This weekend, the Congress of the University and College Union (UCU), the main trade union for UK academics, passed a motion which called on the UK government to stop arming Ukraine and noted that Zelensky aimed to make Ukraine ‘an armed, illiberal outpost of US imperialism’.
I very much understand the dilemma you face, and it’s one I have faced with regard to several organisations I have been a long-time member of lately. On the one hand, you watch an institution you used to trust and admire become regressive (all the while congratulating itself for being so progressive). Frankly it feels like the institution has been hollowed out from within, to be a shell of its former self. On the other hand, if you leave - and everyone else like you leaves - then this leaves the organisation in the hands of sharply polarised and polarising people. I am lucky with the NTEU - while it has issues like every academic union seems to these days - it has in the past defended academic members who hold views in opposition to the union’s general approach (I’m thinking of Ridd v JCU, which went to the High Court). So, for the moment, I am staying, for the reasons you identify. I think that solidarity to improve working conditions is very important: I was brought up with a old-style Labor approach. I also think there is something *really* wrong with the way in which academic hiring and incentives operate (as you may guess). But I can’t take a more active role than I already do, like you, because of my family, but also because my health is not good (i.e. hospitalised at least once a year, every year, for operations or pneumonia or asthma over the last 15 years, constant medical treatment required to keep me off walking stick/crutches). It’s all I can do to keep doing my normal duties without falling ill. And the core of what I am is a teacher: that is what matters most.
Thomas, you are not going to win from within. You would be shouted down in an instant. This particular brand of Lefyness is a cult. They have built a religion. Nobody will carefully consider an alternative opinion. It is not like Substack. Heterodoxy in such arenas as you find yourself is proscribed.
There is another angle; in the 1980's I refused to join the NUJ even though I was offered membership by a senior member. I refused because of the criminality with which the union conducted itself and the absurd working practices. They were in cahoots with the print unions. It was a closed shop then which to my mind was an anathema. I may as well signed up to National Socialism. There were a few of us. Bill Bryson, the author, was one and his reasons were pretty much what mine were. You say you have family commitments. That is very important and you can do far more to get good Karma than you ever would by attracting a lot of haters. And besides you must be careful. An American academic, a senior nurse and contributor to some very helpful research lost her career for simply saying 'all lives matter' at the wrong point in history in the wrong place. https://titusarrius.substack.com/p/the-real-neo-mccarthyism.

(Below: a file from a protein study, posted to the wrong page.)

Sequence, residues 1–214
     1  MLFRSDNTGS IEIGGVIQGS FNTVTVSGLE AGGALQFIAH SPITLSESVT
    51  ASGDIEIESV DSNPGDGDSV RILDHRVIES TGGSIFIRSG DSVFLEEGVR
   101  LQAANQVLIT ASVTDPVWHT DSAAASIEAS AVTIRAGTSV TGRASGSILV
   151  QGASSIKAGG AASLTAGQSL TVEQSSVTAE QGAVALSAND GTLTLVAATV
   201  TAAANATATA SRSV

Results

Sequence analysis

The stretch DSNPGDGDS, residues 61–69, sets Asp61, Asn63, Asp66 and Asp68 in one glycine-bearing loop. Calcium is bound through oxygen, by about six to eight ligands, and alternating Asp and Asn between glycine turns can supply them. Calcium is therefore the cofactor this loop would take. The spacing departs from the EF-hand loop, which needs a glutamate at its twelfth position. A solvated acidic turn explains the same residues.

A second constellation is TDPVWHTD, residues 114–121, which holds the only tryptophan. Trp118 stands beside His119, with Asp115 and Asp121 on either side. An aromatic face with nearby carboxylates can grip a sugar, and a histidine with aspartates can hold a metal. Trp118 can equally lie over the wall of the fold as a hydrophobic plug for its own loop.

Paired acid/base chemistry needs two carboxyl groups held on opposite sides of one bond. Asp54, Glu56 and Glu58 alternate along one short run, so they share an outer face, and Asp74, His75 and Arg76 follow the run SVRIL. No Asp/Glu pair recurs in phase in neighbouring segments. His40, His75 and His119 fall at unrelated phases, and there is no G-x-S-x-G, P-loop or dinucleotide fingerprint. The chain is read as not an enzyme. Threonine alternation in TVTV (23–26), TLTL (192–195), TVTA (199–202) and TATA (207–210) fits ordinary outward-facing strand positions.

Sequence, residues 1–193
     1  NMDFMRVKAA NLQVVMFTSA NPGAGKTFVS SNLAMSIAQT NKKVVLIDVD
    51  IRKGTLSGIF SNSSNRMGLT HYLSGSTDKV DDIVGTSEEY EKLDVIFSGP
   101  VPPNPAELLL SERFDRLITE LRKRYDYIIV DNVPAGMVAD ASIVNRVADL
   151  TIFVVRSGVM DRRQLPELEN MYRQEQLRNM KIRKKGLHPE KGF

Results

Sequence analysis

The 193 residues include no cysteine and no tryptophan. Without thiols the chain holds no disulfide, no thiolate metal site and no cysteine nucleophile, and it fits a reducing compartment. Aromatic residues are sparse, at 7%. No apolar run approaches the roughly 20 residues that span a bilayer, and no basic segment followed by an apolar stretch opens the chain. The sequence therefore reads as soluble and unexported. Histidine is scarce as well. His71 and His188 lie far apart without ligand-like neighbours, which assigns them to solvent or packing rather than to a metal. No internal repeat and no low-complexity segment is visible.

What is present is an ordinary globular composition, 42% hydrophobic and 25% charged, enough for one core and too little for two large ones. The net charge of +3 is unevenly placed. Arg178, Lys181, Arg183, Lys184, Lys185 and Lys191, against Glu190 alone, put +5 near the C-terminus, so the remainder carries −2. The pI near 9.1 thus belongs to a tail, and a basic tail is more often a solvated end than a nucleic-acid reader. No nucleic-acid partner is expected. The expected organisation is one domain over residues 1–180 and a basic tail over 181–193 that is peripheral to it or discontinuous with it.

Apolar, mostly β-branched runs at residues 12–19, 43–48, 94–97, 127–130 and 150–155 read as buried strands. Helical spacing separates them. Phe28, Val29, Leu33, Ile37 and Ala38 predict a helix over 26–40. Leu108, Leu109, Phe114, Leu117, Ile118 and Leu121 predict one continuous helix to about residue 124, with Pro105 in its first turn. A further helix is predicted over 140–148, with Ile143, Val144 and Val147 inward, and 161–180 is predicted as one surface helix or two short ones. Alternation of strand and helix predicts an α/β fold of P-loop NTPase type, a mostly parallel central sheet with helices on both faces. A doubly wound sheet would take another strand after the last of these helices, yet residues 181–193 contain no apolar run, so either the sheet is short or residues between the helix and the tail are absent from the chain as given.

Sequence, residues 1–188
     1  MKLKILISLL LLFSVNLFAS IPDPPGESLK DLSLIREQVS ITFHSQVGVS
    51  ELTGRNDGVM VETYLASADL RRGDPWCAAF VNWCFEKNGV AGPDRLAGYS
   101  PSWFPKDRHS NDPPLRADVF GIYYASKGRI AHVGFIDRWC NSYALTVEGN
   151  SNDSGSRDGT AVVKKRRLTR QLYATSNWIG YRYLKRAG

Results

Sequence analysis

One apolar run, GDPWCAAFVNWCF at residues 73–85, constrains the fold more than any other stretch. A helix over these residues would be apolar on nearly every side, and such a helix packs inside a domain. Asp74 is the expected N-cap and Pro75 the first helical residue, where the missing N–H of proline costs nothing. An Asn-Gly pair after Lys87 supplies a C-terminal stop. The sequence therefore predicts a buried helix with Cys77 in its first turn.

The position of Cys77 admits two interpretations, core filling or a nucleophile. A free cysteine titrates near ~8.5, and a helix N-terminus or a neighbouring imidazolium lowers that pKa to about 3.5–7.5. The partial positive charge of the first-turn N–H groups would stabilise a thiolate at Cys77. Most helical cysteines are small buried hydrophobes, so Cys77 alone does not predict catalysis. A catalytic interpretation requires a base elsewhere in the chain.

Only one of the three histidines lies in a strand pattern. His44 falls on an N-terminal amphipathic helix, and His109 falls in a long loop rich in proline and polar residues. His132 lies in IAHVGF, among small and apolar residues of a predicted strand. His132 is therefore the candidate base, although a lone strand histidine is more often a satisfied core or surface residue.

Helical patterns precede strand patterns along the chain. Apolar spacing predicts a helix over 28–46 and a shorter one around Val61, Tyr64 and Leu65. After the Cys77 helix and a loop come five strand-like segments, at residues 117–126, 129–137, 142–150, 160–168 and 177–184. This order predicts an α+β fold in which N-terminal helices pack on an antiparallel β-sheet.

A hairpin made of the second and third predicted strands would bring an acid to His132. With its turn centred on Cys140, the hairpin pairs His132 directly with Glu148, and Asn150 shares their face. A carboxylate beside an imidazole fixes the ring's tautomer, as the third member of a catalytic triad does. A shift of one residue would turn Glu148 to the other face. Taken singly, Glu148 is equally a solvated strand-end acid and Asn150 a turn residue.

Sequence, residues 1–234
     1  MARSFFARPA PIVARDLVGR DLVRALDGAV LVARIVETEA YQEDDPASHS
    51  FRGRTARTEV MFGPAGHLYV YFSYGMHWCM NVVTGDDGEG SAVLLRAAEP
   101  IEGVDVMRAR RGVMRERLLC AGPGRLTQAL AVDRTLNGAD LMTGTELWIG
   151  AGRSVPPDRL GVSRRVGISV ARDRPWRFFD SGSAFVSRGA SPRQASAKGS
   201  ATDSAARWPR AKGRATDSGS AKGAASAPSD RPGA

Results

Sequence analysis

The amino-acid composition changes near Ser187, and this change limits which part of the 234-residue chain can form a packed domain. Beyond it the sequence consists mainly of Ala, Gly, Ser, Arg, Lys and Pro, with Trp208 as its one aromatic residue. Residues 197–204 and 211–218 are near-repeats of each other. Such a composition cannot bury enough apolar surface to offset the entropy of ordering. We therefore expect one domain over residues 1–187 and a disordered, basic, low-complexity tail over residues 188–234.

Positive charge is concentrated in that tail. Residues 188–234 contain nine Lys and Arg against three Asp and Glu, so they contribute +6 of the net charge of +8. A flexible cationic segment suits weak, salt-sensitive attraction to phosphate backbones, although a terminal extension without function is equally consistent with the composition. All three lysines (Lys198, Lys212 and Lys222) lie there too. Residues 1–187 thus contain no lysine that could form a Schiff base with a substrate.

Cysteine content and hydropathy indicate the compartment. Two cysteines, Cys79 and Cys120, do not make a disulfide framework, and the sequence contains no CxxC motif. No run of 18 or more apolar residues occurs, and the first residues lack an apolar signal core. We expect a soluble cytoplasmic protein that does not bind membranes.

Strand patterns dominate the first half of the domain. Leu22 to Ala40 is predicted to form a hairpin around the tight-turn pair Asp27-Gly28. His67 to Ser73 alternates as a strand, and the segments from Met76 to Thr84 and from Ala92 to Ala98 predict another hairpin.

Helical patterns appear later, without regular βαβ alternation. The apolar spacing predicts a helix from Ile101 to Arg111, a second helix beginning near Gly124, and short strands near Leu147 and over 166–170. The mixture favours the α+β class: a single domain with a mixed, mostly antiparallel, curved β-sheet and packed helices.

And if there is the slightest smell of antisemitism, I would be out the door.
There is nothing you can say or do that will influence these people. Why subject yourself?
"This position may have aged poorly" - you're not kidding! If you still think the reactionary shambles that we have had to put up with since 2019 has been preferable to a Labour government under Corbyn, nowadays that is a position that not even the most passionately anti-Corbyn columnists of the Guardian are prepared to take publicly. I have appreciated your writing on academic freedom and the prevalence of low liberalism in public debate, but in this article you are unequivocal in your hostility to socialists in the Labour Party and the trade unions - and as someone a fairly traditional Bennite approach to British politics, that includes me! Before I tip-toe towards the exit door then, I will just leave you with one point to think about: are the right wing in the Labour movement really as 'moderate' and liberal as you think they are? Keir Starmer is not running a pluralist party in any shape or form, and the low liberal current that you have identified is very vocal in its support for the current authoritarian, technocratic Labour leadership. Paradoxical. no?